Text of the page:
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-   -   nicked copper pipe (http://www.diychatroom.com/f7/nicked-copper-pipe-24361/)

analogmusicman 07-27-2008 09:09 PM

nicked copper pipe
 
I was cutting some wallboard out with my recip. saw and hit a 1/2 in. copper pipe. (no,it doesn't leak) my question is, just how deep does a nick in copper tube have to be before you should do something like cut out the nicked part and put in a coupling? I ask because copper tube doesn't seem to be all that thick. (like galv. pipe which is heftier'n a female Russian weightlifter:))

tnx,

Nestor_Kelebay 07-27-2008 10:29 PM

In all liklihood, you have nothing to worry about. If the pipe isn't leaking now, it prolly won't leak for a gazillion years. Where I live, it was common practice for plumbers to use a round file to file out the ID of dimpled couplings so that they could be used as slip couplings. So, there are thousands of couplings in Winnipeg, Manitoba that have a very thin wall thickness in one small spot, but yet none of those couplings leak. So, chances are your nick will never leak either.

However, if you'd feel better fixing it now, here are two ways to do that:

If you can drain that pipe, I'd apply some strong hydrochloric acid (muriatic acid, maybe) to the outside of the pipe where the nick is, clean that acid off with water, then apply any alcohol (cuz water is soluble in alcohols) and wipe the alcohol up with a paper towel (thereby removing any residual water).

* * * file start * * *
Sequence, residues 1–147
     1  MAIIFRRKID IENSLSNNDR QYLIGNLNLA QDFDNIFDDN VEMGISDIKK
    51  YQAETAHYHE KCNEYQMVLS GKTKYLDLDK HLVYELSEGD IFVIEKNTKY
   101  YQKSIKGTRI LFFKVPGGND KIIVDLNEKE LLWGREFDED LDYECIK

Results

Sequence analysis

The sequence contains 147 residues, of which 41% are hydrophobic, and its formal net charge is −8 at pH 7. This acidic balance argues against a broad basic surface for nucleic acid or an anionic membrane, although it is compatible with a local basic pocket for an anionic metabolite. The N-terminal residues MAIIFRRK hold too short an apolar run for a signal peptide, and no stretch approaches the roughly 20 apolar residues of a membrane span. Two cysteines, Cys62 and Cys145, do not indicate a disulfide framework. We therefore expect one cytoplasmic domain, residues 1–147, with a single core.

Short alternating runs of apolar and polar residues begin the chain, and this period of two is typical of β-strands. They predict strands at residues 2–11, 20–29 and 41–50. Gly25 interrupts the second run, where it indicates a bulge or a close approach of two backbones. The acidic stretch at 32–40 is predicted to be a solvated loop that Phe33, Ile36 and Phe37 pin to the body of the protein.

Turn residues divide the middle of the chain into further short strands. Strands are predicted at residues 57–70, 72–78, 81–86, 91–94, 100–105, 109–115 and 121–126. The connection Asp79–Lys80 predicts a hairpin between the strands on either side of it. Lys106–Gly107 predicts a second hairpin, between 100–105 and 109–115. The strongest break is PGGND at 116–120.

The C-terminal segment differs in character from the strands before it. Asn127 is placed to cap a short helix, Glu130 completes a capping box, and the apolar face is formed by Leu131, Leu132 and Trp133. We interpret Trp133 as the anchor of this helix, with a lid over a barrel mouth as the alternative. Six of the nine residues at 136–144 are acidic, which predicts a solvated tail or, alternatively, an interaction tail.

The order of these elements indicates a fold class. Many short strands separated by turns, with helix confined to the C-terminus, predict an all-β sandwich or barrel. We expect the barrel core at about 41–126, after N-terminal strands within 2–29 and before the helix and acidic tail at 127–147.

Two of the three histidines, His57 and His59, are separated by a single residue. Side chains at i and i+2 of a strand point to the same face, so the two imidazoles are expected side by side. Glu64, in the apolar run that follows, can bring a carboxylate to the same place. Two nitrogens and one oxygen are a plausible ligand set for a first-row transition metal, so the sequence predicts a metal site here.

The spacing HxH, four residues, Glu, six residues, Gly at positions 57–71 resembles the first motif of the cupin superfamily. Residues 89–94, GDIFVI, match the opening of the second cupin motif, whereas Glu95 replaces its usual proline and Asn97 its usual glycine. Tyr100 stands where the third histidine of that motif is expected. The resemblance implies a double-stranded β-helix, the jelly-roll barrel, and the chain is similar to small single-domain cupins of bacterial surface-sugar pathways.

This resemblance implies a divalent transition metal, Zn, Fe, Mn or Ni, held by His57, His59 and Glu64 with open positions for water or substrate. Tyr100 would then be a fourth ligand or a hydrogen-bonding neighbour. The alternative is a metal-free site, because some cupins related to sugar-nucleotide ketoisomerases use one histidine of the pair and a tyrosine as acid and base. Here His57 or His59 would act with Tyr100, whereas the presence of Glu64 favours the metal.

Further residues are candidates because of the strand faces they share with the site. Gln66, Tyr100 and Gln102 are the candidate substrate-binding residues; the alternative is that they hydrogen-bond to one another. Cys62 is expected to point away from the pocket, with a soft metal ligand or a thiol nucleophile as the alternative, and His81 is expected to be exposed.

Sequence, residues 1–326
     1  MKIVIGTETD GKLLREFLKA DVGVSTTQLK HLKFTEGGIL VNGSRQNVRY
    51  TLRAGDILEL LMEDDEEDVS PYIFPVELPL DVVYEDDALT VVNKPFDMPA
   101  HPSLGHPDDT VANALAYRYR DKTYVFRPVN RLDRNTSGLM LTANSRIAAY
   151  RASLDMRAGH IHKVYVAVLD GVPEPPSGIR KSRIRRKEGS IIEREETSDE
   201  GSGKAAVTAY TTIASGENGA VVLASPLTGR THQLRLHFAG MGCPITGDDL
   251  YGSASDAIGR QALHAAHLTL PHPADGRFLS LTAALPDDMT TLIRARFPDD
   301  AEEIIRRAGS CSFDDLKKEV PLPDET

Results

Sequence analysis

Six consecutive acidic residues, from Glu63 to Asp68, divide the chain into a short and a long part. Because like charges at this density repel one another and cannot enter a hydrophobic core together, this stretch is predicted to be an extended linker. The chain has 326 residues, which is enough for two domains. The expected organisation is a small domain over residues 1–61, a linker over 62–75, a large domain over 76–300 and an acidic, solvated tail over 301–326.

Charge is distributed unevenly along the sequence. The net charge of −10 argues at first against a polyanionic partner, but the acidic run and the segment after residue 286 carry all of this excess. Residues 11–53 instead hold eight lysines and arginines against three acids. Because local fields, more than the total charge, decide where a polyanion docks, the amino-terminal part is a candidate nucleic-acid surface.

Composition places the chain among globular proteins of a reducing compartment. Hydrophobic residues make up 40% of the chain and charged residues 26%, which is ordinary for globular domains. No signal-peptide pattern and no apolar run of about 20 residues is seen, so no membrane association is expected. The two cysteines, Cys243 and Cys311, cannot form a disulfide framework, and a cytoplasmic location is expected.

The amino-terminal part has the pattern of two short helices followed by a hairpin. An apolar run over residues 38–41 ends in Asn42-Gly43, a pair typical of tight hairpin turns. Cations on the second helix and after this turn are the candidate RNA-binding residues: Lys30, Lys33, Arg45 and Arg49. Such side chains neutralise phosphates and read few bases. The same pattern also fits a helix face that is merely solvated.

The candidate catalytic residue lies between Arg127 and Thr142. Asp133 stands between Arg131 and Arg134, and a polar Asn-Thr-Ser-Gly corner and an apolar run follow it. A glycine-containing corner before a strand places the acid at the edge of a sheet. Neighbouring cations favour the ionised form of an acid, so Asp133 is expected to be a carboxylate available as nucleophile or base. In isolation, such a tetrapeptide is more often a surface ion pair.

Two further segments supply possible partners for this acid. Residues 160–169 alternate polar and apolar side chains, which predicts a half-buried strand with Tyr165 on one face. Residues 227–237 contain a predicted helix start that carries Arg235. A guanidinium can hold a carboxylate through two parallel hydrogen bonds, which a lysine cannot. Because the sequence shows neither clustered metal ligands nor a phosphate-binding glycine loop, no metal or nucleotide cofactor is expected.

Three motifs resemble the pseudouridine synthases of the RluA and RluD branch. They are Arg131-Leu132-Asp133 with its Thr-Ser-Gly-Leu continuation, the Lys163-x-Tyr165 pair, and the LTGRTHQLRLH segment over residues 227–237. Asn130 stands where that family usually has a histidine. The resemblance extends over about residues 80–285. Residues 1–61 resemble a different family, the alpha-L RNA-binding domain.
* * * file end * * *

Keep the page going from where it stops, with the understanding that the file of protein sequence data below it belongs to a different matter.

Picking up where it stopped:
Immediately apply a soldering flux to the bare copper metal, heat the pipe and apply a dab of solder over that nick.

That'll last till the cows come home.

Alternatively, you could drain the line, sand the pipe OD at the nick and the ID of a copper slip coupling, cut the pipe at the nick and solder the slip coupling in place over that nick.

In some areas you can't buy true slip couplings. A true slip coupling will not have any dimple on it. If you can only buy couplings with dimples DO NOT use a file to remove copper from the ID of the coupling where the dimple is. This severely weakens the coupling at that spot. Instead, slip the coupling over a pipe of a smaller ID and hammer on the coupling to remove the dimple from it. That way, you still have the full wall thickness of copper where the dimple was. THEN, and only then, use the coupling as a slip coupling.

Marlin 07-28-2008 04:38 PM

Or if for some reason they don't sell slip couplings just order them... You would have to have a real hardass of an inspector to check your couplings for a dimple.

mstplumber 07-28-2008 08:54 PM

I would fix it right, with a coupling. You are right, most copper isn't very thick. The Home Depot or Lowe's stores in my area sell slip couplings. If you can solder, this will be a simple repair.


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